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The Formation and Preservation of Synechococcus elongatus Cell Molds in Simulated Silica Sinter: Implications for the Identification of Microfossils

Abstract : Siliceous sinters that precipitate around modern hot spring systems are able to fossilize the indigenous microbial communities, forming molds that accurately outline the shape of the microorganisms. Over time, the biomass decays, and only silica molds or their infill may remain as evidence of the former living cells. However, little is known regarding the fidelity of such silica molds in terms of size and morphology, and the preservation of critical parameters for the identification of ancient silicified microorganisms by silica molds remains untested. Here we report experiments examining the formation of microbial molds of the cyanobacterium Synechococcus elongatus in silica gel. We demonstrate that post-depositional processes, primarily desiccation, are crucial for obtaining accurate and robust molds, and that initial desiccation acts to strengthen cell molds against further alteration. However, all silica gel treatments systematically created preservational biases (changes in size, additional structures) that may be misleading and may complicate the identification of fossil microorganisms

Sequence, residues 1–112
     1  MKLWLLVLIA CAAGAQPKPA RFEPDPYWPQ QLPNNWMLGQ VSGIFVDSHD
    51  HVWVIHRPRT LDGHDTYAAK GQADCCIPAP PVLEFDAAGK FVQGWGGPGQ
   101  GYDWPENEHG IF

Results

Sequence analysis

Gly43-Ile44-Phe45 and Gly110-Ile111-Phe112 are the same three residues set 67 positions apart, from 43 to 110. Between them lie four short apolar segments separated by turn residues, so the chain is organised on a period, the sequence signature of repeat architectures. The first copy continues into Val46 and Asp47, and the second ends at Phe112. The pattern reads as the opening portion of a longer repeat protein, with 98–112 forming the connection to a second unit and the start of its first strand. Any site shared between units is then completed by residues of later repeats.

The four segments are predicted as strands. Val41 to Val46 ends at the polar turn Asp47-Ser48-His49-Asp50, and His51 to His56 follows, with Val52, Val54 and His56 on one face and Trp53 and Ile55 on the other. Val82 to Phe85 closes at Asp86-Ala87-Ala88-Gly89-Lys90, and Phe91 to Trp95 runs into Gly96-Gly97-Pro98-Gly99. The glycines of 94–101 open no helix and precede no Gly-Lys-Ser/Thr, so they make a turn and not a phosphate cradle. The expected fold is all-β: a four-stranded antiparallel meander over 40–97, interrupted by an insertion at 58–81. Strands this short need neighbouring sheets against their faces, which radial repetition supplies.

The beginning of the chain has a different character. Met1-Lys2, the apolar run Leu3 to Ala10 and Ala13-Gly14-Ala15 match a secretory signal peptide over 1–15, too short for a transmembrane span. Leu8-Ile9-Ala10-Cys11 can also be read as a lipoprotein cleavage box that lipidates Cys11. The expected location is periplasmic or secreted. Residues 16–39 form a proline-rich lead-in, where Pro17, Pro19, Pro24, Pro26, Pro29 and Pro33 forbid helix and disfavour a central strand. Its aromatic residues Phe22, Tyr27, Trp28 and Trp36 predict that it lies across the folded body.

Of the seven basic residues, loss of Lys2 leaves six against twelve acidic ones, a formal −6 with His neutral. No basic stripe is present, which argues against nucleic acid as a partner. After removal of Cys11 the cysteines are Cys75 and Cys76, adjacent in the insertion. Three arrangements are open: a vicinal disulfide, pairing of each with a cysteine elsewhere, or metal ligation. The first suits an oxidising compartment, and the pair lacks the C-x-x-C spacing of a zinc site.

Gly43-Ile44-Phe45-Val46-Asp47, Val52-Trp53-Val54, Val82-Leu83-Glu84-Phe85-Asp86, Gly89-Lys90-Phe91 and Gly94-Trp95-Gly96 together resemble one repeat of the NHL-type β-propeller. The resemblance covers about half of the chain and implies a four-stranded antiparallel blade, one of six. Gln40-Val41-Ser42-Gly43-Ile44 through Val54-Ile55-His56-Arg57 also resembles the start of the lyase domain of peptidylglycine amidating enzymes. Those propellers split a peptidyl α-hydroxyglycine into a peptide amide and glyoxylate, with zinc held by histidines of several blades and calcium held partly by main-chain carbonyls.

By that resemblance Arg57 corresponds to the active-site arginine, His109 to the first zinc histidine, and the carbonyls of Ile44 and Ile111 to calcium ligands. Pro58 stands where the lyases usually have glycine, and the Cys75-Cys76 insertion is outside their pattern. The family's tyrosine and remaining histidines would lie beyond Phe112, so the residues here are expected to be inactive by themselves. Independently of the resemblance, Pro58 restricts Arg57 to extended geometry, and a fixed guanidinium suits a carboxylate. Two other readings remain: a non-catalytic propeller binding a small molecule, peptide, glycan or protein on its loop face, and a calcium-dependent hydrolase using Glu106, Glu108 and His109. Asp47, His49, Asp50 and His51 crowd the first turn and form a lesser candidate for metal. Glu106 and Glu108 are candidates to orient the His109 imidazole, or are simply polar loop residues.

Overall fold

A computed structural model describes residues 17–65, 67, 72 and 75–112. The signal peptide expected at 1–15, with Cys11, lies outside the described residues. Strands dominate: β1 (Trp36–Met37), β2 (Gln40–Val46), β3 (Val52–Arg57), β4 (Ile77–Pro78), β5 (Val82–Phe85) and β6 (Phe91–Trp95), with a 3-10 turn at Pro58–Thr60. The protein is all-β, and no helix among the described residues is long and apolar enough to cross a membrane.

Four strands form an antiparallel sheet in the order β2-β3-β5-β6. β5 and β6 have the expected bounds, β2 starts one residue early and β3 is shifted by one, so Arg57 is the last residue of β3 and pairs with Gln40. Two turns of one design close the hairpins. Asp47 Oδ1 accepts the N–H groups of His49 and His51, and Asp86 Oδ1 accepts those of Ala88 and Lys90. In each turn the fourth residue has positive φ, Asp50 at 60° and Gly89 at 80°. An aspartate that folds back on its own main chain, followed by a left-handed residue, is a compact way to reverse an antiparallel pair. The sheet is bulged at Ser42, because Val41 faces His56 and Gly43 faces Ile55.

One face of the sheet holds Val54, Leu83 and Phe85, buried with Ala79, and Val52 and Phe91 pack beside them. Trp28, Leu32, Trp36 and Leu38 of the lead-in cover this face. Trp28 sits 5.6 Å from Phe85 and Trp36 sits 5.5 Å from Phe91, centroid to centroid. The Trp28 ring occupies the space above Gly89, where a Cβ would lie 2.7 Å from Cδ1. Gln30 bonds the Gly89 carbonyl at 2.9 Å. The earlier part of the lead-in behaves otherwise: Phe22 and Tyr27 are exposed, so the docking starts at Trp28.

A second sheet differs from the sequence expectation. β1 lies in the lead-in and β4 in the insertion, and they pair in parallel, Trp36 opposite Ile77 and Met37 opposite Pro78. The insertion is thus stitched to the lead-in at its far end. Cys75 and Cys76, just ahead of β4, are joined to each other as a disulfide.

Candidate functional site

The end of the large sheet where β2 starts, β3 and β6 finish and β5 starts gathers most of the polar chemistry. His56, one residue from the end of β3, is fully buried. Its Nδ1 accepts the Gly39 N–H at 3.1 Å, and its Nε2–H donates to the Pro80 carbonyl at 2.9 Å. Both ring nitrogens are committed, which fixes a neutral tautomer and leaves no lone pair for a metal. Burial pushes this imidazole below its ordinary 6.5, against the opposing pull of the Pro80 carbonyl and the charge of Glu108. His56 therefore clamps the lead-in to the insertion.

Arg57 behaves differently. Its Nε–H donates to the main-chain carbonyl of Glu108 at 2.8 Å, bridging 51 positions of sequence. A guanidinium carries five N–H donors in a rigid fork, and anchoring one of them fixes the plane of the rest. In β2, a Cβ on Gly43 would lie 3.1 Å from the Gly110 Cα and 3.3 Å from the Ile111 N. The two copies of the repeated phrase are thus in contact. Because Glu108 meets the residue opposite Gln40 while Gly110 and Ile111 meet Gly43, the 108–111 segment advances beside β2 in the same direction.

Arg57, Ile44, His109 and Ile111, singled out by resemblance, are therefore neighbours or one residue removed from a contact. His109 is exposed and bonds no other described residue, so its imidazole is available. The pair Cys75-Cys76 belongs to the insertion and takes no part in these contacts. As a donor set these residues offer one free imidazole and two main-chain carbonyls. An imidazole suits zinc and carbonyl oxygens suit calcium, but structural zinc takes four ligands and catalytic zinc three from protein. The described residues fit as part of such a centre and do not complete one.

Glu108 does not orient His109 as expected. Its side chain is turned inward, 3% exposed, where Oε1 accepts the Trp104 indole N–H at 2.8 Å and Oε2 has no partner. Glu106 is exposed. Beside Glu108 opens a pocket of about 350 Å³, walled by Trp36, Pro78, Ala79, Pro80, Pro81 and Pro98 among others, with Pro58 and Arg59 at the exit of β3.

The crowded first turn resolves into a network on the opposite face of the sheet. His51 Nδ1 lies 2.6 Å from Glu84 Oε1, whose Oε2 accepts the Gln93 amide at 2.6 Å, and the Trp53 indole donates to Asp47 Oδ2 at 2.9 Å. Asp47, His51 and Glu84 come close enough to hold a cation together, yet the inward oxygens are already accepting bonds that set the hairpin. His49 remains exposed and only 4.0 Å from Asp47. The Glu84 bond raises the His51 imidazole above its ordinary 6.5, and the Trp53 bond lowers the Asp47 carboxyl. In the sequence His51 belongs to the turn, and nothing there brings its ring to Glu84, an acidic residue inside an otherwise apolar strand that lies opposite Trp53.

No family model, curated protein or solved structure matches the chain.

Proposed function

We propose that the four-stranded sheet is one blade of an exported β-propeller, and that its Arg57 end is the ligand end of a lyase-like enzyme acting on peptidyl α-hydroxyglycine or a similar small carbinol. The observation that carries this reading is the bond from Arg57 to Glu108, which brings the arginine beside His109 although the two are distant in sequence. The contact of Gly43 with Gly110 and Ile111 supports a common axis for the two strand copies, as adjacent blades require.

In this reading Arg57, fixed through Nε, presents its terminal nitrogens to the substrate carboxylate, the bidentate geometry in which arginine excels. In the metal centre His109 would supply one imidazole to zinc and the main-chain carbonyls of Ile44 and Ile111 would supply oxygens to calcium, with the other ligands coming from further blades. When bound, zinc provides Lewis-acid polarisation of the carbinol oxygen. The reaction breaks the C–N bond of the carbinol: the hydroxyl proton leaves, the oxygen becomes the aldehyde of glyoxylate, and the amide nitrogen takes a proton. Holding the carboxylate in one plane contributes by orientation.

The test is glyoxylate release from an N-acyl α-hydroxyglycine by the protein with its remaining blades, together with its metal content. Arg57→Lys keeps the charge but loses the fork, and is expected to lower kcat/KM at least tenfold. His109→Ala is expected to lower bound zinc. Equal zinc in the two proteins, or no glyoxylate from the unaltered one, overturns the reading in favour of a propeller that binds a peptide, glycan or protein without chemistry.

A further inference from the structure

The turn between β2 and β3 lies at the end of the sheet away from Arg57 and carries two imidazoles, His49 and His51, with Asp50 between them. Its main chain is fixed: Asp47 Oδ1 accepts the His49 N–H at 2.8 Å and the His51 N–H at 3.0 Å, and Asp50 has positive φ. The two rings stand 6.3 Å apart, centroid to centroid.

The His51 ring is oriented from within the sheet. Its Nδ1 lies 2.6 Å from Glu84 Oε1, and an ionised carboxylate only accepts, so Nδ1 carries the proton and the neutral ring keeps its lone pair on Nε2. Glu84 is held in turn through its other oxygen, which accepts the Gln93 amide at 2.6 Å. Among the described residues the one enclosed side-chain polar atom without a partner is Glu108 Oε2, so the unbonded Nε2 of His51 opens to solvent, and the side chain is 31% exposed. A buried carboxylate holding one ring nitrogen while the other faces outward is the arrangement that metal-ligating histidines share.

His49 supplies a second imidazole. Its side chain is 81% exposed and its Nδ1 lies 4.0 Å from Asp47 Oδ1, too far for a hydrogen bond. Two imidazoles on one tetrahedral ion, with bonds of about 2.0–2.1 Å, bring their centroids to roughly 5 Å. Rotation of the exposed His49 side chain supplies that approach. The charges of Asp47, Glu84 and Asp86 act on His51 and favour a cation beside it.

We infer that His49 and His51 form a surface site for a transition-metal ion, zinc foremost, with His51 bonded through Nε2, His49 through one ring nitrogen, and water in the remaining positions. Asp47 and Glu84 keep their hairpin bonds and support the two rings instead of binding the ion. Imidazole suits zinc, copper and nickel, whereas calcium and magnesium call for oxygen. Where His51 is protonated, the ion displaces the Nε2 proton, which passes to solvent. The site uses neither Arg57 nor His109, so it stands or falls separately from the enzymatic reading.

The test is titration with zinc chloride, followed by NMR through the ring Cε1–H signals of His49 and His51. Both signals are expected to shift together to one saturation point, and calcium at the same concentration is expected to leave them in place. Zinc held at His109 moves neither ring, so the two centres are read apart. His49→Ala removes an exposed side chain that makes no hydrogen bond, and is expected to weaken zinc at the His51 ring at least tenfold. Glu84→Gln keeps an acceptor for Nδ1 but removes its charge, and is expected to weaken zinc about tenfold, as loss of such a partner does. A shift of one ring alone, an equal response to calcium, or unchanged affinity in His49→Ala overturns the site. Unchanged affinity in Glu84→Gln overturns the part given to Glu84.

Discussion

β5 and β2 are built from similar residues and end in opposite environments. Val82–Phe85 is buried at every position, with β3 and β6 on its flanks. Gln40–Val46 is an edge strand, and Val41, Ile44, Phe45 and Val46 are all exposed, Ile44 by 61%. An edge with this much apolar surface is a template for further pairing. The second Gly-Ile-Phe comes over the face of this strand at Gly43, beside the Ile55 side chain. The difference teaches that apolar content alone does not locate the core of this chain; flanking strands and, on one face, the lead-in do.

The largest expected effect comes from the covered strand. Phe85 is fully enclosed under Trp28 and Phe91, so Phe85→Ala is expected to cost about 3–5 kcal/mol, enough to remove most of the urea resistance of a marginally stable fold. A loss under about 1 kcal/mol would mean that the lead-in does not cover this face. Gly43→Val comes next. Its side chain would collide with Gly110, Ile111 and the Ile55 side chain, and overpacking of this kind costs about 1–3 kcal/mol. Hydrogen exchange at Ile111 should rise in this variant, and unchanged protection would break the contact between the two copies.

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Submitted on : Friday, April 5, 2013 - 2:47:13 PM
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François Orange, Stefan V. Lalonde, O. Konhauser Kurt. The Formation and Preservation of Synechococcus elongatus Cell Molds in Simulated Silica Sinter: Implications for the Identification of Microfossils. Geomicrobiology Journal, Taylor & Francis, 2013, 30, pp.327-336. ⟨10.1080/01490451.2012.688926⟩. ⟨insu-00808466⟩

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